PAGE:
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Archie Rand (born 1949) is an artist from Brooklyn, New York. Rand’s work as a painter and muralist is displayed around the world.
Rand’s work is in the collections of the San Francisco Museum of Modern Art, the Art Institute of Chicago, the Victoria and Albert Museum in London, the Bibliothèque Nationale de France in Paris, and the Tel Aviv Museum of Art. His graphic works and books are in over 400 public collections including the Metropolitan Museum Of Art, The Museum of Modern Art, The Whitney Museum of American Art, The Art Institute Of Chicago, The Brooklyn Museum, The Baltimore Museum of Art, the Smithsonian Institution, and The New York Public Library; and are owned by many universities, among which are Harvard, Yale, Columbia, Brown, and Johns Hopkins.
Rand received his Bachelor of Fine Arts in cinegraphics from the Pratt Institute, having studied previously at the Art Students League of New York. His first exhibition was in 1966, at the Tibor de Nagy Gallery in New York. He has since had over 100 solo exhibitions, and his work has been included in over 200 group exhibitions.
He is currently Presidential Professor of Art at Brooklyn College. Before joining Brooklyn College, Rand was the chair of the Department of Visual Arts at Columbia University. He had served as the Acting Director of the Hoffberger School of Painting and as Assistant Director of the Mount Royal Graduate Programs, both at the Maryland Institute College of Art. From 1992-4 he was appointed Co-Chair of the National Studio Arts Program of the College Art Association and from 1998-2003 he served as Chair of the College Art Association National Committee for the Distinguished Teaching of Art Award.
The Italian Academy For Advanced Studies in America at Columbia University presented him with The Siena Prize in 1995. He was awarded a Guggenheim Foundation Foundation Fellowship in 1999 and was made a Laureate of the National Foundation for Jewish Culture, which awarded him the Achievement Medal for Contributions in the Visual Arts. In 2002 he received the Presidential Award for Excellence in Teaching from Columbia University.
In 2002 he became the artistic advisor to film director Ang Lee for his production of The Hulk, and was asked by Milestone Films to provide a commentary track for the DVD release of Henri-Georges Clouzot’s classic 1955 film The Mystery of Picasso.
Archie Rand’s earliest major works are “The Letter Paintings” (or “The Jazz Paintings”) (1968–71), a radically positioned series of technically inventive, mural-sized canvases. The Letter Paintings, by incorporating the names of mainly male and female African-American musicians, undermined prevailing aesthetic categories by conflating many contemporary movements including Conceptual Art, Color Field, Pattern and Decoration, diary entry and social commentary.
Although The Letter Paintings had been displayed individually, they were first shown as a unit in an exhibition at the Carnegie Museum of Art in 1983. Selections from The Letter Paintings have been on continuing multi-venue exhibition tours of the United States and Europe (including Palazzo Ducale, Genoa) since their Exit Art exhibition in 1991. Roberta Smith, art critic for The New York Times and a lecturer on contemporary art, described them as “exhilarating, precocious and lyric” and wrote that “Rand’s paintings demand a substantial place in the history of an unusually fertile period in American art.” Others described them as “an uncannily accurate step in the right direction”, “[a]s exhilarating as a Charlie Parker solo or a holler from Big Joe Turner”, and, almost thirty years after they had been painted, as carrying “the force of a visionary project”.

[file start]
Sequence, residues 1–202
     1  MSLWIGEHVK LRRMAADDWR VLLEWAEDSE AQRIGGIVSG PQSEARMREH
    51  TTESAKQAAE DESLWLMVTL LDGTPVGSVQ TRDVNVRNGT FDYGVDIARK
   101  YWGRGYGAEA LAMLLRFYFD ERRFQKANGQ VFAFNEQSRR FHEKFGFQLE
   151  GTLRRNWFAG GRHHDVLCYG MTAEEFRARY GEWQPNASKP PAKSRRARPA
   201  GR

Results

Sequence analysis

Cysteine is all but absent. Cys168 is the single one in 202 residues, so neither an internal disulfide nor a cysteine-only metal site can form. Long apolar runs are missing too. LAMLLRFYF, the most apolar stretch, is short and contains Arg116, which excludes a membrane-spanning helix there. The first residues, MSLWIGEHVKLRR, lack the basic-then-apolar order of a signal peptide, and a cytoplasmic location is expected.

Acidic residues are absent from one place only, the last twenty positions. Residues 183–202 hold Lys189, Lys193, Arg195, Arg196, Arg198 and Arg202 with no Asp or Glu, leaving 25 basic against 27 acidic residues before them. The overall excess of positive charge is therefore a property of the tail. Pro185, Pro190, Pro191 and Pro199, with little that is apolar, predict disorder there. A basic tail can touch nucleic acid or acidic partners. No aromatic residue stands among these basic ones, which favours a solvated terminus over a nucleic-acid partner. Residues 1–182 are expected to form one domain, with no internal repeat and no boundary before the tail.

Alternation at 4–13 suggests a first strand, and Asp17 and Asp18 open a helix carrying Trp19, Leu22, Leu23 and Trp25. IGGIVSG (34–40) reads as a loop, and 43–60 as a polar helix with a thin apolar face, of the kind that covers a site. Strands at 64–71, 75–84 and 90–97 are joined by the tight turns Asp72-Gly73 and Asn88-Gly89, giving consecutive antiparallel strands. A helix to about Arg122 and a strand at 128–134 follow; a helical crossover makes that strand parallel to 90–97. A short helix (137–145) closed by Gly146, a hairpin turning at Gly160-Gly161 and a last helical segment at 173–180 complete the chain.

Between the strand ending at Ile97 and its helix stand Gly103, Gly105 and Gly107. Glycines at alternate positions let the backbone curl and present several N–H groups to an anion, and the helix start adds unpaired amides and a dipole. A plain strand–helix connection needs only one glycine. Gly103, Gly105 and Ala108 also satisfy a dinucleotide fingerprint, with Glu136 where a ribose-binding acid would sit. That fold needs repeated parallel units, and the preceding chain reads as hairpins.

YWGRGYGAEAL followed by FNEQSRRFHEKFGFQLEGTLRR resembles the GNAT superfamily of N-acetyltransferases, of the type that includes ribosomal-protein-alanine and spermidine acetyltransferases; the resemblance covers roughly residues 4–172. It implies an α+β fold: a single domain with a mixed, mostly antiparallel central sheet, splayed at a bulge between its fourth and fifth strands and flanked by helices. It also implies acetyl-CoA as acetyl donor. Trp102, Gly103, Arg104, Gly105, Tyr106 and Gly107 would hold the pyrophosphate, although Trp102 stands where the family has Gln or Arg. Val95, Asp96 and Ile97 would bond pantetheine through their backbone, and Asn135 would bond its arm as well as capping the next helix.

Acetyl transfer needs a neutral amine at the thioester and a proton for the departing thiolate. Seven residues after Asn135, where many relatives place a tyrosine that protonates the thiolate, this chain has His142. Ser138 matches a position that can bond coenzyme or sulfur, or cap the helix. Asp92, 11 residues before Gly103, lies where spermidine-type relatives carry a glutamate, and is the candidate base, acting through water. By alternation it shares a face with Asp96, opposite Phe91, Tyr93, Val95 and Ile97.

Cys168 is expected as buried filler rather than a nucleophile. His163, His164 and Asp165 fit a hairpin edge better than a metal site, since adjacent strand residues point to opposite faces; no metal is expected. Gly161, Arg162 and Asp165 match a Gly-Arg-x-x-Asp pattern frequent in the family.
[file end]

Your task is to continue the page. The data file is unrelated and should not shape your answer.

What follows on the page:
The New York Times called Rand’s first solo exhibition of abstract collaged canvases “An impressive debut”.
In 1974 Rand received a commission from Congregation B’nai Yosef in Brooklyn to paint thematic murals on the complete 16,000-square-foot interior surfaces of the synagogue. The work took three years, and completing this commission made Rand the author of the only narratively painted synagogue in the world and the only one we know of since the 2nd Century Dura-Europos. The religious legal controversy raised by placing wall paintings in a traditionally iconoclastic space was resolved by the verdict of Rabbi Moshe Feinstein, then considered to be the world’s leading Talmudic scholar, who declared the paintings to be in conformity with the law.
As Matthew Baigell has recently written, “The B’Nai Yosef murals, then, when considered in the light of…his mixture of figurative and abstract elements; his appeal to the viewer’s imagination and awareness of the artist’s sense of inventiveness, are, altogether, nothing less than revolutionary in Jewish American art….After these murals, anything became possible for Jewish-American artists.” The aesthetic demands of the B’Nai Yosef murals marked a turning point in Rand’s work. His subsequent turn to figuration may have been influenced by his friendship with Philip Guston, whose own work was transformed in the late 1960s. Like Guston, Rand “chafed at the limitations of purely abstract forms.”
In 2003 Rand did two murals for Beth El Congregation in Fort Worth and in 2005 executed the large entrance mural at Congregation Beth-El in San Antonio.
In 2004, a retrospective exhibition was mounted at the Yeshiva University Museum in New York.
In 2008, on a warehouse wall, Rand mounted the painting, “The 613”, which at 1700 square feet (17’ x 100’) is nearly twice the size of James Rosenquist’s F-111. It is one of the largest freestanding paintings ever made.
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